Among many important cases that the Supreme Court will be considering this spring is the Texas redistricting case, LULAC v. Perry. The litigants claim that the Texas redistricting plan of 2003 unfairly suppresses the political opposition and deprives millions of state residents of any effective franchise. But as we say in Texas, "This dog won’t hunt." In fact, a close examination of the facts reveals that this suit is most likely a case of partisan sour grapes.
The Supreme Court will be looking at three specific issues: the question of what standard should be used in judging whether partisan gerrymandering is excessive; whether it is lawful for a state to undertake more than one round of congressional redistricting in a single decade and finally whether the plan itself properly complies with the Voting Rights Act.
But what’s really at stake here is whether state legislatures should have the primary right to draw their own state redistricting plans or whether the plans should be decided by judges as a result of the legal machinations of partisans and special interests.
First a little bit of history. Since the late 1980s the state of Texas (like many of the states of the South) has experienced a significant tilt toward the GOP and each subsequent year Texas voters have moved more in the GOP’s direction. Starting at the top and slowly filtering down, Texas shifted from being a state that supported conservative Democrats to one which supports conservative Republicans. Much of this loss for Democrats in Texas can be laid at the hands of the leftward lurch of the national party in the 60’s and 70’s.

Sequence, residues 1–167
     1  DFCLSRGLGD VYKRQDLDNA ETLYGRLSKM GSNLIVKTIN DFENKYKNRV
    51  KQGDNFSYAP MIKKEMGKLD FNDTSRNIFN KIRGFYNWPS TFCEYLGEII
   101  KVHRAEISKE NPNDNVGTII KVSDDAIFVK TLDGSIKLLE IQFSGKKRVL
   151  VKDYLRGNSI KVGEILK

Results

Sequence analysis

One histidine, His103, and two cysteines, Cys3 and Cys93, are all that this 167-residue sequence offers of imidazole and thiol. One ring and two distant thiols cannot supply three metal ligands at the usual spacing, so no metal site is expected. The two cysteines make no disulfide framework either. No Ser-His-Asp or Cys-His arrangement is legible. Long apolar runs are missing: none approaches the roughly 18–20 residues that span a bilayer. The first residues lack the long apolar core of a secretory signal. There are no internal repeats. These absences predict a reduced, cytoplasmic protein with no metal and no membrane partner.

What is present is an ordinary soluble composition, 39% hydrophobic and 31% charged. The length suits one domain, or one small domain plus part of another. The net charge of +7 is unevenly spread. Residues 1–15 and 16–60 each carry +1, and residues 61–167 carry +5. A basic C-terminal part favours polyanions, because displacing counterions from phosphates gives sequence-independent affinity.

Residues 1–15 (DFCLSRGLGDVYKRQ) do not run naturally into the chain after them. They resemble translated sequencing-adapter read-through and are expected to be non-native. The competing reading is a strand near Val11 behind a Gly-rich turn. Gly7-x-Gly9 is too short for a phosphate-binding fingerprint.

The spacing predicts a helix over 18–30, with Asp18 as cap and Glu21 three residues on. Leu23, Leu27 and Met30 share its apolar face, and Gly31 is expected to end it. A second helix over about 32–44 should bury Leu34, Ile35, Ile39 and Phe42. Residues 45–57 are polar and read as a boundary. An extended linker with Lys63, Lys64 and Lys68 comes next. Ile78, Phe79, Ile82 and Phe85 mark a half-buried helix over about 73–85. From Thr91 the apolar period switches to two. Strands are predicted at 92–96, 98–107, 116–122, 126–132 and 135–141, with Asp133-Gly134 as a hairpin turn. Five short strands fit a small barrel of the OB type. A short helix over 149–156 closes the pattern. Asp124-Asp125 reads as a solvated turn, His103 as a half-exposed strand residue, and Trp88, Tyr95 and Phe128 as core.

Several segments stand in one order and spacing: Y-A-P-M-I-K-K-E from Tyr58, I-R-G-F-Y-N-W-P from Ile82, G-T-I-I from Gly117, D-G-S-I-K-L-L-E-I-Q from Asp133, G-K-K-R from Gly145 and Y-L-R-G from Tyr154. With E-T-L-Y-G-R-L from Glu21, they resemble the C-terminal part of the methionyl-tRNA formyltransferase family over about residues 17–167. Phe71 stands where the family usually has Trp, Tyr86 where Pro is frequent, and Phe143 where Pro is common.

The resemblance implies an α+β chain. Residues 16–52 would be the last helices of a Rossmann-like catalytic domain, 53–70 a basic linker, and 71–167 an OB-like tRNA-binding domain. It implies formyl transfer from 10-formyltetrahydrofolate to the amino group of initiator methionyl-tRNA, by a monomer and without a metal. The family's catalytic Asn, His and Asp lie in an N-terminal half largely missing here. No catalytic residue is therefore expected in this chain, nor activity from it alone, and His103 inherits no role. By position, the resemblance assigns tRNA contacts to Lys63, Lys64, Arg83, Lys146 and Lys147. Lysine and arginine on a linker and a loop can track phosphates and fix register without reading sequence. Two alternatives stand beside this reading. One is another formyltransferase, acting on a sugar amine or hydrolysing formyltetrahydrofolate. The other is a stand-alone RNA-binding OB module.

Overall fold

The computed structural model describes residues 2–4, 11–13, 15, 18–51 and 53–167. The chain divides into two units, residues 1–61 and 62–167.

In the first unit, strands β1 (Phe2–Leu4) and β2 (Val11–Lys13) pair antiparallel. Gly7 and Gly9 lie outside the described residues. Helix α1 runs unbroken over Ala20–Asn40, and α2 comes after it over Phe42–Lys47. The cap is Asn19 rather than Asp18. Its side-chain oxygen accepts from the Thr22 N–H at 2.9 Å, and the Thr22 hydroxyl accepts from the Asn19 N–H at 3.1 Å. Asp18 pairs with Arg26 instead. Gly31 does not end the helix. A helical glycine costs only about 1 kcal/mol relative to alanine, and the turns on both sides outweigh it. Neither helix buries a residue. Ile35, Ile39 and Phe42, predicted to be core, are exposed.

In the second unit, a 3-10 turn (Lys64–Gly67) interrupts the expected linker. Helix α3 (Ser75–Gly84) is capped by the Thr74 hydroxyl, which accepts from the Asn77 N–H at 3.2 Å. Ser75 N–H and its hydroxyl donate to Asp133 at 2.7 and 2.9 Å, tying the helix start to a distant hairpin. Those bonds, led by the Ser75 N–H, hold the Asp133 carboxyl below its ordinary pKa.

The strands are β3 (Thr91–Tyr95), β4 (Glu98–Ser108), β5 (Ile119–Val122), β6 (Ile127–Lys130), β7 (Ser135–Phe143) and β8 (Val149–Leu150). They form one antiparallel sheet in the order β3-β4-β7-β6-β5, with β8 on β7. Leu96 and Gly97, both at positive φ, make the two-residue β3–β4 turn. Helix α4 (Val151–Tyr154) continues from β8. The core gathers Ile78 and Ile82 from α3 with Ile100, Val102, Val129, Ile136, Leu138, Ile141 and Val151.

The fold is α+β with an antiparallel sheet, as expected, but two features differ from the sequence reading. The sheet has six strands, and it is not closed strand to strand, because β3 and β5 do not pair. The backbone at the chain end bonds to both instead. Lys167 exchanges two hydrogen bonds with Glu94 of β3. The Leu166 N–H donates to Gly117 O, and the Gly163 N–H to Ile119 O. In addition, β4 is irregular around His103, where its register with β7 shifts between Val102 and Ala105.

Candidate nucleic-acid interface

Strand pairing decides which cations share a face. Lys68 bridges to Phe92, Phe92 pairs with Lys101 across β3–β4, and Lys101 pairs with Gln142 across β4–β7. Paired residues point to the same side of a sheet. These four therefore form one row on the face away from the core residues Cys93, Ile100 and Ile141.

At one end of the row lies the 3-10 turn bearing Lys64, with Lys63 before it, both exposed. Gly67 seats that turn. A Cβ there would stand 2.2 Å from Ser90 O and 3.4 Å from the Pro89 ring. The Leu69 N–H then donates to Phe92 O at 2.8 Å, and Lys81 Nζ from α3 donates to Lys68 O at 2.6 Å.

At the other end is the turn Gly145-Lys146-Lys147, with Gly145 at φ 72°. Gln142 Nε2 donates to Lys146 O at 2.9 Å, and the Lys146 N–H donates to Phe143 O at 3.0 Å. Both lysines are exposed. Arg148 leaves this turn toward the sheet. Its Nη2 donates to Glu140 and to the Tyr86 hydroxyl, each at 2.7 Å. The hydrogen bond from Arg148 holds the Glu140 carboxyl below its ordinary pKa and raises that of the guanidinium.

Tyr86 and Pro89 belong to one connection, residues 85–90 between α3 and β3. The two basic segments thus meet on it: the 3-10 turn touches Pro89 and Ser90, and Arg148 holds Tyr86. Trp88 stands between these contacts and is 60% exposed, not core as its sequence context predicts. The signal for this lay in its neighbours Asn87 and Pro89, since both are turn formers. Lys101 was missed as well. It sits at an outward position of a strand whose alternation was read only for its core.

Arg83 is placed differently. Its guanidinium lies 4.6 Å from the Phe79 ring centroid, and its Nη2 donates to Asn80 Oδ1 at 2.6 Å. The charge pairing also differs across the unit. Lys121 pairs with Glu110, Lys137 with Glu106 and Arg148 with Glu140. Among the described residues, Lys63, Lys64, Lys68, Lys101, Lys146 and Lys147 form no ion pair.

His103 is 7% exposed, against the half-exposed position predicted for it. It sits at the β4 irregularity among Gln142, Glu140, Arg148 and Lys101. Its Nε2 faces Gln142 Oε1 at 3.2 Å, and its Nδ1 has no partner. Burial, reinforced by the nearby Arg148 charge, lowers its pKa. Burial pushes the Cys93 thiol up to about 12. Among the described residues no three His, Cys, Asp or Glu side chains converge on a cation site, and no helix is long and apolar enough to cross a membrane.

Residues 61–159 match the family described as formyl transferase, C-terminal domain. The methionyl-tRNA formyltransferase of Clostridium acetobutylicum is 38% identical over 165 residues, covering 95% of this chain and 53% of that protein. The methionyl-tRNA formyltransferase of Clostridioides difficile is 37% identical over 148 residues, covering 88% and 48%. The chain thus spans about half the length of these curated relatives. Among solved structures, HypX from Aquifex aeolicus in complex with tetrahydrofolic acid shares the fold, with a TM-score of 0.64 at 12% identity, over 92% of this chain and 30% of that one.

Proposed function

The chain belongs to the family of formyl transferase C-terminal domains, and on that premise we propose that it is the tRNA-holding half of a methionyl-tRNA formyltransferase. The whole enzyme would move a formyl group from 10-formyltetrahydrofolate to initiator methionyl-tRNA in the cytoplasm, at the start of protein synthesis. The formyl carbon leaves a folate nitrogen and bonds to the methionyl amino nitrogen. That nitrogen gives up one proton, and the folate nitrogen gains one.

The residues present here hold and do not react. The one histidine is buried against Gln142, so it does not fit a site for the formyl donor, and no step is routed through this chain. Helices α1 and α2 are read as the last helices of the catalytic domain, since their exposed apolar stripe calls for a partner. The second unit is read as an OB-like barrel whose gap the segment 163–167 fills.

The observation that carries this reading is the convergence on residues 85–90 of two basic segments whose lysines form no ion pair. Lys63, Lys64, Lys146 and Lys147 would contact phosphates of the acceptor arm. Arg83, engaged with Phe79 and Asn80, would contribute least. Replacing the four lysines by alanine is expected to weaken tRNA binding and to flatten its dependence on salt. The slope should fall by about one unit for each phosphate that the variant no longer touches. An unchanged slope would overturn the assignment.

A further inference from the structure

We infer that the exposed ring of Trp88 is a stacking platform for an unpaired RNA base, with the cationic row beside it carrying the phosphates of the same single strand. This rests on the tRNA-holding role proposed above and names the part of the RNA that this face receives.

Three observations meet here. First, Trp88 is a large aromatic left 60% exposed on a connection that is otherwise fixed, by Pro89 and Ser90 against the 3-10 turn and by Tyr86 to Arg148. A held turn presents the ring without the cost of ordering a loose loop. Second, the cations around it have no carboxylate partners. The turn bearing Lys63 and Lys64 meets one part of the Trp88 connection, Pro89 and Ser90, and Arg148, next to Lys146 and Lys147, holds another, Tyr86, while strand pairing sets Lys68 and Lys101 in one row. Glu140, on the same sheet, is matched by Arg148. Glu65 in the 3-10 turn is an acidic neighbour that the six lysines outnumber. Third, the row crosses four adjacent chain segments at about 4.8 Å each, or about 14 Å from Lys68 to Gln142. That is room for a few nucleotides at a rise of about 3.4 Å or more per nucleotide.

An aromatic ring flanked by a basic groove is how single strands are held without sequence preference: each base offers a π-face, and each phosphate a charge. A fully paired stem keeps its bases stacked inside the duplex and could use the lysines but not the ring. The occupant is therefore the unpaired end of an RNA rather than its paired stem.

But whatever the cause the dramatic shift is real. Since 1972, Democrats have carried Texas in a presidential election once. And while at one time the party was competitive in gubernatorial races, Democrats have been able to win the governor’s race only once since 1986. Finally, by 1994 the meltdown was nearly obvious to everyone once no Democrat was able to get elected in Texas to any statewide office that year or any since.
Masking the hemorrhaging of the party’s appeal across the state, Democrats prized the sizeable number of Congressional seats they held. Even here the cracks were showing. The GOP received upwards of 55% of all Congressional votes cast throughout the 1990’s even though they held fewer than 40% of Congressional seats.